Domestic consumption has been in a slump for two years and is still lackluster in the first quarter of this year, with total retail sales of consumer goods growing by only 3.3% year-on-year (in the first quarter) and falling by 3.5% year-on-year in March. In terms of foreign trade, in the first quarter, imports and exports grew by 10.7%, exports by 13.4%, and imports by 7.5%. Compared with last year’s foreign trade data (in U.S. dollar terms), the growth of imports and exports slowed by 17 percentage points compared with the whole of last year, while exports slowed by 14.1 percentage points and imports significantly slowed by 20.5 percentage points.

With consumption and export growth slowing down, investment becomes an important means of stabilizing growth this year. In recent years, there has been a new concept of investment, known as “expanding effective investment”. Compared with the past investment that focused on scale and speed, to improve the effectiveness of investment is to pursue high-quality investment, which can also be seen as part of “high-quality development”. According to China’s National Development and Reform Commission (NDRC), the active expansion of effective investment is the focus of current macro policy, which will not only boost current demand and cope with downward pressure on the economy, but also help optimize the supply structure and promote high-quality development.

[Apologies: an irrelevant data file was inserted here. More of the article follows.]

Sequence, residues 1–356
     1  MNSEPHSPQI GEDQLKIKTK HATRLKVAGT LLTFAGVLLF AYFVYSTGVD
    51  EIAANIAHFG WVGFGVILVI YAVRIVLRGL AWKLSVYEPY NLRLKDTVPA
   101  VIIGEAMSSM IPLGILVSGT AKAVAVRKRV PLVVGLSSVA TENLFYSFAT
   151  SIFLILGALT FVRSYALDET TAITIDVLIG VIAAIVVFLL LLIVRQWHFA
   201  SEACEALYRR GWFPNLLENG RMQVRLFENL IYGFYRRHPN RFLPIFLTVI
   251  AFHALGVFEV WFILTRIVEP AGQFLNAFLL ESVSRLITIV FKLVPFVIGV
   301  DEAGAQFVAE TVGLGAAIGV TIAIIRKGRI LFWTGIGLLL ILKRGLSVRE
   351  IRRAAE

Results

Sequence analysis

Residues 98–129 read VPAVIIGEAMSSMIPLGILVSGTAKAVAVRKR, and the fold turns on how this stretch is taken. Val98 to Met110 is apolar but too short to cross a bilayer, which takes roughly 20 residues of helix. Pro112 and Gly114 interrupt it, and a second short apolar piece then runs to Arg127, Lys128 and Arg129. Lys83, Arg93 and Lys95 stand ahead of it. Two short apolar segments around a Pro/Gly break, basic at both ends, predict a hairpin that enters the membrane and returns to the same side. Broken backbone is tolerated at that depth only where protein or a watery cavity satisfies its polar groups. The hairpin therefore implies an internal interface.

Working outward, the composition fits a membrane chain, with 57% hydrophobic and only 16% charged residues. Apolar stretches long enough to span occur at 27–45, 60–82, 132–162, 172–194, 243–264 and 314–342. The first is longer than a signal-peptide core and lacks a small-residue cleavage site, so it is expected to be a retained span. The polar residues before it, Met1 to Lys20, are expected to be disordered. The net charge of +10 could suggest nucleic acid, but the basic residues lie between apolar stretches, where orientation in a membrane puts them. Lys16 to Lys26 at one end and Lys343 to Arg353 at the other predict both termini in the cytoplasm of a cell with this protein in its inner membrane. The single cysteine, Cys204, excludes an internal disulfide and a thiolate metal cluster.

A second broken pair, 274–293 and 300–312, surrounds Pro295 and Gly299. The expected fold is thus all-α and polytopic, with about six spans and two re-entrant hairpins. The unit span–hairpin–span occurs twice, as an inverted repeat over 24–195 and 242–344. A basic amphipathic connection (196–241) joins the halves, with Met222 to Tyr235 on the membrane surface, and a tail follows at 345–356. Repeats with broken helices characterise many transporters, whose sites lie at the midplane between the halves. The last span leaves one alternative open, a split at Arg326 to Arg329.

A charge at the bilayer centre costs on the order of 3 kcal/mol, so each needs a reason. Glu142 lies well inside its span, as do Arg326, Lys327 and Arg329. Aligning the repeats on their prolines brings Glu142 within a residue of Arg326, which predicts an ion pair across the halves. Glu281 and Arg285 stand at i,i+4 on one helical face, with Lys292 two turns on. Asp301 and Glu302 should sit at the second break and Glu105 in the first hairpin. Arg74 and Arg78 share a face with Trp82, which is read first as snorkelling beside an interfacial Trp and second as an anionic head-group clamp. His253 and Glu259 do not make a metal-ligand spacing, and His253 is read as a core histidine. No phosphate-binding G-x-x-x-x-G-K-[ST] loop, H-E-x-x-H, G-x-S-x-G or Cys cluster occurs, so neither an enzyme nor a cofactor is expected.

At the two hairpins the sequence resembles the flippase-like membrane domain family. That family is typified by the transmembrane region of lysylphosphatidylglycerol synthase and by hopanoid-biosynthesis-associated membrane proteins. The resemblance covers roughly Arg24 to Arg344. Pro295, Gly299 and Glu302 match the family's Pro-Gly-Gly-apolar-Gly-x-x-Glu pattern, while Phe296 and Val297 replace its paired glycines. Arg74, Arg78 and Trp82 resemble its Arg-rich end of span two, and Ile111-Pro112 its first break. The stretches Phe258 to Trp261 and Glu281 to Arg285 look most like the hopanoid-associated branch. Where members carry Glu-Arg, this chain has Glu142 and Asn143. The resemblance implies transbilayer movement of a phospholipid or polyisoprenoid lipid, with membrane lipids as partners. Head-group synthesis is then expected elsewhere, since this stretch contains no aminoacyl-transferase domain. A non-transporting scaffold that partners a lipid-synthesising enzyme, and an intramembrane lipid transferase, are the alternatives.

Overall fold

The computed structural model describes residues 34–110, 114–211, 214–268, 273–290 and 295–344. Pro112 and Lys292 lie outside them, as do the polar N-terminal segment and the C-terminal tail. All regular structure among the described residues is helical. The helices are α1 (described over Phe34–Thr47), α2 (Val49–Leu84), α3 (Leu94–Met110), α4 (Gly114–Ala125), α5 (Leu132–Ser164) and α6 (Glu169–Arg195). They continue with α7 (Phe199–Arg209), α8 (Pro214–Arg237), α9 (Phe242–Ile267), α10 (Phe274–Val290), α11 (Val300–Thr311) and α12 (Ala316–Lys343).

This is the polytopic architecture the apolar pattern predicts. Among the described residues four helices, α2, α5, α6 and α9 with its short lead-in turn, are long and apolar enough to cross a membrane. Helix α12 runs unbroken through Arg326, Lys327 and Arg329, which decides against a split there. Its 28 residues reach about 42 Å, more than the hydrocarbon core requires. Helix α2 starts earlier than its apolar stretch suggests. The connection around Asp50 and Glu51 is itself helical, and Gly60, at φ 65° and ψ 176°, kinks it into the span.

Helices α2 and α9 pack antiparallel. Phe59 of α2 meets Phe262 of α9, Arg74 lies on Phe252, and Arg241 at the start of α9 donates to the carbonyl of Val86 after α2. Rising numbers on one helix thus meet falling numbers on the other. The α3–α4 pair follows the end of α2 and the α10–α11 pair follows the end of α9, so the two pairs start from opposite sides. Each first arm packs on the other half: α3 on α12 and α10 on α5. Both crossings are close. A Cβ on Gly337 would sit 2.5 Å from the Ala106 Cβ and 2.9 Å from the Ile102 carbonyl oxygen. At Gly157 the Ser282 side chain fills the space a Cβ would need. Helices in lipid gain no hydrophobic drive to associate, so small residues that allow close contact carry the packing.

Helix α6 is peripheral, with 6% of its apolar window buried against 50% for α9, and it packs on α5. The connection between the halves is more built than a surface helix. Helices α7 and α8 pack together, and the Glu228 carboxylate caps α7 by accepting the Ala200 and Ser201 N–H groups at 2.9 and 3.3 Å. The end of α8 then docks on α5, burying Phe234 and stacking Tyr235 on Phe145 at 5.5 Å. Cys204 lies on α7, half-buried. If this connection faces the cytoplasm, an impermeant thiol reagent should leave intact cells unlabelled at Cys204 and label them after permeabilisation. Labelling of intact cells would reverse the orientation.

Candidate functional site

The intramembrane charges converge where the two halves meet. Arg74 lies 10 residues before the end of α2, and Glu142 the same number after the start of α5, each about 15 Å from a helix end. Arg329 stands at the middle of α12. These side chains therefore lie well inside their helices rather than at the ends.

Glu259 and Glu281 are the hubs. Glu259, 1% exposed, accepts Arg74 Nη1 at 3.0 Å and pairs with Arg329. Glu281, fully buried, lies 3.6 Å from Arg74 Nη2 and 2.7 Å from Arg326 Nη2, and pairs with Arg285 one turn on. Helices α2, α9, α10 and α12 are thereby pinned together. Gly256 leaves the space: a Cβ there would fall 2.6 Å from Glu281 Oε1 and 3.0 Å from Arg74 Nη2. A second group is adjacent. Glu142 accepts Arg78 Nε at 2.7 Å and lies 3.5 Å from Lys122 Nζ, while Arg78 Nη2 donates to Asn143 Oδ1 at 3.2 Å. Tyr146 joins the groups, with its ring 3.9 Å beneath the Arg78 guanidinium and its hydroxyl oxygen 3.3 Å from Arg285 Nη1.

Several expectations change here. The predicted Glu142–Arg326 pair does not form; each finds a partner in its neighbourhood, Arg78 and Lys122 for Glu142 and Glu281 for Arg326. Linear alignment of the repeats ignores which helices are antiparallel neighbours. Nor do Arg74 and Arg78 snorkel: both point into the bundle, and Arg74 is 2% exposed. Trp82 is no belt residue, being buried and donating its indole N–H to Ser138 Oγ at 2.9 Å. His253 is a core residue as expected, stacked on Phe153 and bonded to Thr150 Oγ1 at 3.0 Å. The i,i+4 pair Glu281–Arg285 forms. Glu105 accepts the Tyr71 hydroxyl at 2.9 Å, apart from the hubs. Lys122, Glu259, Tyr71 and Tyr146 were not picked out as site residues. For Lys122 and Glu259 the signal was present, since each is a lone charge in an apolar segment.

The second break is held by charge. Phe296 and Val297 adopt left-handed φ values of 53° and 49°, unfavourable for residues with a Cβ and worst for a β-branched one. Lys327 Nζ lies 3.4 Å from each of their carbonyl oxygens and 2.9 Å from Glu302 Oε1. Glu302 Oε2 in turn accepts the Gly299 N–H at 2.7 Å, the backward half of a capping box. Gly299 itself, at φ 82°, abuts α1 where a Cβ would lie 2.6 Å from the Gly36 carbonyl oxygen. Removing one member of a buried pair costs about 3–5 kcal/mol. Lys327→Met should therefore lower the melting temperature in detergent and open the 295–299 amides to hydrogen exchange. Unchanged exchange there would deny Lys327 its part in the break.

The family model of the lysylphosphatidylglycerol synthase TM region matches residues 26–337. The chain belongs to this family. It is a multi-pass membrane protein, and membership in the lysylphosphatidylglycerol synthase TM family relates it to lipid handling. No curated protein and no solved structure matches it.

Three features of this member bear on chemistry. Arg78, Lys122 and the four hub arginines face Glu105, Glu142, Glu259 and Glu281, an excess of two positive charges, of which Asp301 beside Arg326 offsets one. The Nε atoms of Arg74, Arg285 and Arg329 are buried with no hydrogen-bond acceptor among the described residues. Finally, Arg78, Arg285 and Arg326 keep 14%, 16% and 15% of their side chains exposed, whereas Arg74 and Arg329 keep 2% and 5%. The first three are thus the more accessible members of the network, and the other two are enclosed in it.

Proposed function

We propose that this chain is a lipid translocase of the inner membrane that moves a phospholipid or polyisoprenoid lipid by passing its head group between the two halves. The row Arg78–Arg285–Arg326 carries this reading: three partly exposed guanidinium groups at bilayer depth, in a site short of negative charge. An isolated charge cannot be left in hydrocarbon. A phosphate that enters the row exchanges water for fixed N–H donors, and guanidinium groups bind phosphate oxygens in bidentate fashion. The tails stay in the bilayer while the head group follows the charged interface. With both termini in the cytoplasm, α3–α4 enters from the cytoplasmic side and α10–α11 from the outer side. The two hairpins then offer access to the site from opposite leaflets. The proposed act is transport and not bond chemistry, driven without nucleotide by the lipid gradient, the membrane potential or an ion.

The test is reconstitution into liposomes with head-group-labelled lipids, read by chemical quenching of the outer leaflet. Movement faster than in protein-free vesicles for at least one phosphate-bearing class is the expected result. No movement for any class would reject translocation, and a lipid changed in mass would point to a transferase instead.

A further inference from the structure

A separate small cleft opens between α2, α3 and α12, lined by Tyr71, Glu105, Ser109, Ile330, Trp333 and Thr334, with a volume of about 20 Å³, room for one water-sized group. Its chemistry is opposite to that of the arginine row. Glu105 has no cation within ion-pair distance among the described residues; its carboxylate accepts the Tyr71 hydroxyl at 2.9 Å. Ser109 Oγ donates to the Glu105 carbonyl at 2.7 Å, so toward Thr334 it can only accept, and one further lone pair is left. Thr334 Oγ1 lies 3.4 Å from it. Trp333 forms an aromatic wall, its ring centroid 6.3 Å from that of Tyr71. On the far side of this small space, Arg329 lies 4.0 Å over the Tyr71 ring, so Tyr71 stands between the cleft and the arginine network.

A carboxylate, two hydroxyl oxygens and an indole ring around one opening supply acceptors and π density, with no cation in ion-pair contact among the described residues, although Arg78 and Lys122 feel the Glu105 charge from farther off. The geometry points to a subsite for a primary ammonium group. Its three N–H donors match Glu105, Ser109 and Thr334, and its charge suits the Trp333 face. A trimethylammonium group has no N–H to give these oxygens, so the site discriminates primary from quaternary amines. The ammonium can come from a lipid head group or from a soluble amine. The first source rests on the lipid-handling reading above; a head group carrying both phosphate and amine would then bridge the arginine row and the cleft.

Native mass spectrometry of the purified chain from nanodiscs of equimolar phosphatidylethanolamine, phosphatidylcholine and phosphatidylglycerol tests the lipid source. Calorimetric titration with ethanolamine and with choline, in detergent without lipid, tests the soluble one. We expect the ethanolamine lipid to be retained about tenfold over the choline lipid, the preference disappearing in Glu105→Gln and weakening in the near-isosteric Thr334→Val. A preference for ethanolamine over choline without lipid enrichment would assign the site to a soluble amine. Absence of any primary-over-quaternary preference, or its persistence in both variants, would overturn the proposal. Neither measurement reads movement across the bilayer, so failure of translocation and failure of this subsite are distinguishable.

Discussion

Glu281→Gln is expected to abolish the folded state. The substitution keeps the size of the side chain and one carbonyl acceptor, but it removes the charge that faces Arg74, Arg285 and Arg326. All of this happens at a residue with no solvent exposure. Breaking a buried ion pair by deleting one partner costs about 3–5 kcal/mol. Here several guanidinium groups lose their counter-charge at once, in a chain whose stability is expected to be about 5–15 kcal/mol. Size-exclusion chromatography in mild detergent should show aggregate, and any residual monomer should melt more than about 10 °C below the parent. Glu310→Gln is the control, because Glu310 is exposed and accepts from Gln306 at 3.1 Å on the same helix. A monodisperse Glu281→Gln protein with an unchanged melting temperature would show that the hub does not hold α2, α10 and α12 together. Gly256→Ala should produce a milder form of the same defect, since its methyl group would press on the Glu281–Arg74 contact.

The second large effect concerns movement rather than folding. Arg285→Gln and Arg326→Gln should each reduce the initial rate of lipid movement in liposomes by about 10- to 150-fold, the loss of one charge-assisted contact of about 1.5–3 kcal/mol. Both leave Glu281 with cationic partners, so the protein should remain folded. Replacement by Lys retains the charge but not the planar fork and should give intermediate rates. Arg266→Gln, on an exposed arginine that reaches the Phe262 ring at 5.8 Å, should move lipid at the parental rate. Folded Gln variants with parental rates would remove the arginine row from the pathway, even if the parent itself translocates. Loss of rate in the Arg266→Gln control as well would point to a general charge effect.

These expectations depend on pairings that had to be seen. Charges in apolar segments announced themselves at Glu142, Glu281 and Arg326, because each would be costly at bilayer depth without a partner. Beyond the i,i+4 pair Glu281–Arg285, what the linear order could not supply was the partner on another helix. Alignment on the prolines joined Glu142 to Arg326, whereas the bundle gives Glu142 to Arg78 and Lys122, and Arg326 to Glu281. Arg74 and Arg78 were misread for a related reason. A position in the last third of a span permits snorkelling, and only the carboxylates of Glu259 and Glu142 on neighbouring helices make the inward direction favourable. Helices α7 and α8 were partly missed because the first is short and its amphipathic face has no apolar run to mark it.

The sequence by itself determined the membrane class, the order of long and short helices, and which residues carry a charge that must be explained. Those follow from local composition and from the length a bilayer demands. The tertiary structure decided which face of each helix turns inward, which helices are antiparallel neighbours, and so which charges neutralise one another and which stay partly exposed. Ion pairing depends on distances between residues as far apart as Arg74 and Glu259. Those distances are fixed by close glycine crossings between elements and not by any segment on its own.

The NDRC called for targeted and effective investment, while resolutely avoiding indiscriminate investment. The state will appropriately advance infrastructure investment, and actively enhance water conservancy, transportation, energy, and other infrastructure construction. It will also strengthen the construction of new infrastructure and enhance the core competitiveness of the manufacturing industry. Additionally, it aims to improve the social and ecological environment, as well as urban infrastructure. The active expansion of effective investment does not mean blindly expanding projects or expanding infrastructure investment, nor imposing massive stimulus through large-scale infrastructure investment. Rather, it means focusing on key areas in economic and social development and carrying out targeted and orderly investment projects that benefit both immediate and long-term interests.